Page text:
Acting Premier Roger Cook has declined to weigh in on whether WA’s driver training standards are adequate after the death of a 17-year-old who crashed off-road just hours after getting her licence.
Mr Cook said yesterday that WA’s graduate driving regime had improved significantly since he was a teenager as he expressed sympathy for the family of Kimberley Berente.
The teenager was killed on Tuesday just hours after receiving her P-plates when the car she was driving rolled on an unsealed road near Mandurah.
According to the Department of Transport, while novice drivers are required to get at least 50 hours experience under the eye of a supervisor, there was no obligation for any of the training to be done off-road.
Instead, learners were simply encouraged to “get as much supervised driving in as many different road, weather and traffic conditions as you can”.
Mr Cook would not be drawn on whether WA’s road safety rules for novice drivers needed to be tightened, saying he would “leave that up to the experts to make commentary on”.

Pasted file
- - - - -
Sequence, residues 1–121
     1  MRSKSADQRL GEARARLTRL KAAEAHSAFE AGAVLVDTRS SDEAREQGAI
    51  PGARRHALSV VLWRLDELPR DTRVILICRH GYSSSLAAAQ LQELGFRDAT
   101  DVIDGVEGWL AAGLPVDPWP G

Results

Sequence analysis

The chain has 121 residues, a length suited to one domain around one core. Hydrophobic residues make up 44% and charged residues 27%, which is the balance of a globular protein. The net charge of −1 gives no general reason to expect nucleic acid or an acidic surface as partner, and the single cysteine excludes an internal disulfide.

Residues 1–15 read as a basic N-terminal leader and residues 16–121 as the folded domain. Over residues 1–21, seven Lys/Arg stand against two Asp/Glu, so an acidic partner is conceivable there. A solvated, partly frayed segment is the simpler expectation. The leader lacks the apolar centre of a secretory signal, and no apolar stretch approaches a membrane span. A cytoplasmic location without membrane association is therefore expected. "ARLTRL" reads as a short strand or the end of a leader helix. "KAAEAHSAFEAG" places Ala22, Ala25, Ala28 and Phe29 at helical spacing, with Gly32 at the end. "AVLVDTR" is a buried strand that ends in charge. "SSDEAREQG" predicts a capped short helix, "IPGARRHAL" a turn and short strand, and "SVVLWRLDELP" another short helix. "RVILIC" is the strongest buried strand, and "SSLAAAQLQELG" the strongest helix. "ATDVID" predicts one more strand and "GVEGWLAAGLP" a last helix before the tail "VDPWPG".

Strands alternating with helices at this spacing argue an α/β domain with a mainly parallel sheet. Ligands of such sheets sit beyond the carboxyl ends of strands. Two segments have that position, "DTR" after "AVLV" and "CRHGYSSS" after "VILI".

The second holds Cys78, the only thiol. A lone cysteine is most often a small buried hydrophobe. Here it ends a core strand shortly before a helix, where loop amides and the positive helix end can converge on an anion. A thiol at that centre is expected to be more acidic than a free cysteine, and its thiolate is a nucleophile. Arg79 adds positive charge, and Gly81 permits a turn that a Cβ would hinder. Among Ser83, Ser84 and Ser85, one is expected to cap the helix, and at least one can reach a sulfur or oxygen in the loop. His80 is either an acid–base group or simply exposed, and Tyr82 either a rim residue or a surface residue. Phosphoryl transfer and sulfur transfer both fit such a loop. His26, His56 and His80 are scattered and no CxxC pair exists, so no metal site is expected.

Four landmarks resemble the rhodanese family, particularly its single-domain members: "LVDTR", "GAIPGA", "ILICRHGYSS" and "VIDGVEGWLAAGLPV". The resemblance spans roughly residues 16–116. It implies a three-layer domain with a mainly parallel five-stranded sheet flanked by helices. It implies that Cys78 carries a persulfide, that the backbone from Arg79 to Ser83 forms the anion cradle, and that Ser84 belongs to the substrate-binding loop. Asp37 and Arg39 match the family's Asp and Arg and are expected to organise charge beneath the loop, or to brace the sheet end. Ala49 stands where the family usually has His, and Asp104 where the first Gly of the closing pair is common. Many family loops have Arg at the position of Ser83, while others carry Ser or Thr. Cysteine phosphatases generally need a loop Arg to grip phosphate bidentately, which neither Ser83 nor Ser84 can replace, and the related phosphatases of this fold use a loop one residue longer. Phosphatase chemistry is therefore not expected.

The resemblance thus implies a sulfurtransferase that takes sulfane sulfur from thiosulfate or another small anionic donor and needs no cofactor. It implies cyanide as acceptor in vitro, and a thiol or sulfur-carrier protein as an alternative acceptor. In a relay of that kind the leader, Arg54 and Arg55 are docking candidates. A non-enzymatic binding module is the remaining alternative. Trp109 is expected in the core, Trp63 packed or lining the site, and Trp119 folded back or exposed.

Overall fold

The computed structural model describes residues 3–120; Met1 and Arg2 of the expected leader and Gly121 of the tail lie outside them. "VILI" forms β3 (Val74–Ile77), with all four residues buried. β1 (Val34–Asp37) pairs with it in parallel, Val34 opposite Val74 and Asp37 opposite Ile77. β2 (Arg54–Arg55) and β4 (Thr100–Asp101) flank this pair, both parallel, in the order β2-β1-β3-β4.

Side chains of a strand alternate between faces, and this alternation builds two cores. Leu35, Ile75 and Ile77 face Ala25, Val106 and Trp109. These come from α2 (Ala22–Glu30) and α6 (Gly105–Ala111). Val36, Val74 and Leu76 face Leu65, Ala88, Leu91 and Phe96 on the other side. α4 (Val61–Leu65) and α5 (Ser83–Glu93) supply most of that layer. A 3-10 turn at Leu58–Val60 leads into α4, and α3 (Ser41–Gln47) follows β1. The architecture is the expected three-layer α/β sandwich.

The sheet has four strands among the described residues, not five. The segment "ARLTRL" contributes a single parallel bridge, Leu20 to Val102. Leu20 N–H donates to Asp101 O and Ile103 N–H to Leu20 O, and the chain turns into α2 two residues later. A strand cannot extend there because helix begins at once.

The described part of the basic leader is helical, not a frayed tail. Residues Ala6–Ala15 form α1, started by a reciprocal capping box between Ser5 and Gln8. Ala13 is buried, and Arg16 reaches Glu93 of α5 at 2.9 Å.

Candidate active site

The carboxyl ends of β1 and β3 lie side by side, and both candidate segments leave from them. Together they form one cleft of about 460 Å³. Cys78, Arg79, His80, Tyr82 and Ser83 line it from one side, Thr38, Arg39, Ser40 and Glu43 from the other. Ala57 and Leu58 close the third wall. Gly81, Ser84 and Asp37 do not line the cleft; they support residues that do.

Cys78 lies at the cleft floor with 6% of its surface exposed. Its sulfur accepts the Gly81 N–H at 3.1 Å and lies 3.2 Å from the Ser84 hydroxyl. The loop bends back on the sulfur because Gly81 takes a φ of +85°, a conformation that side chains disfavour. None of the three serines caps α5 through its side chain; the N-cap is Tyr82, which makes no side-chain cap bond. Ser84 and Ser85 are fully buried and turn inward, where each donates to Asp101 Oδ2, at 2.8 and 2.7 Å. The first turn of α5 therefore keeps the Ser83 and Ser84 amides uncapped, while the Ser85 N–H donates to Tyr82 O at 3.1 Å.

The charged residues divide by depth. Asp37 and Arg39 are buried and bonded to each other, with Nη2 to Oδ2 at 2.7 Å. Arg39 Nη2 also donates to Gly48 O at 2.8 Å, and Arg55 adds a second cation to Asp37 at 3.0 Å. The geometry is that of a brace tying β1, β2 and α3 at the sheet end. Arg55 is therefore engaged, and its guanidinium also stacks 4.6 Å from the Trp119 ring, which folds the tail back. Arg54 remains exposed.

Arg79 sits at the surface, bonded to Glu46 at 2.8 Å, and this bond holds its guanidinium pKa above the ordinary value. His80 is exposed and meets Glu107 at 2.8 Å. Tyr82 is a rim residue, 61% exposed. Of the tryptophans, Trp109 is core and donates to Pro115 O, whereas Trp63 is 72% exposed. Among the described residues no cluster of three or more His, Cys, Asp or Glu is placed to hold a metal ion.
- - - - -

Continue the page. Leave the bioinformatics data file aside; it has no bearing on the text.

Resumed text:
However, he said the State’s training regime for learner drivers was much safer and more sophisticated compared with when he first got behind the wheel.
“Certainly, since I was a young person, the driving tests and the lessons and the regime associated with that has significantly improved and tightened so that our young drivers today are better prepared for dealing with the roads and the different road conditions than they have ever been,” Mr Cook said.
“This is a horrible and tragic set of circumstances and events and it comes at a time when a young person in our community should be celebrating a terrific milestone.
“These are very tragic circumstances and none of us want to see it happen.”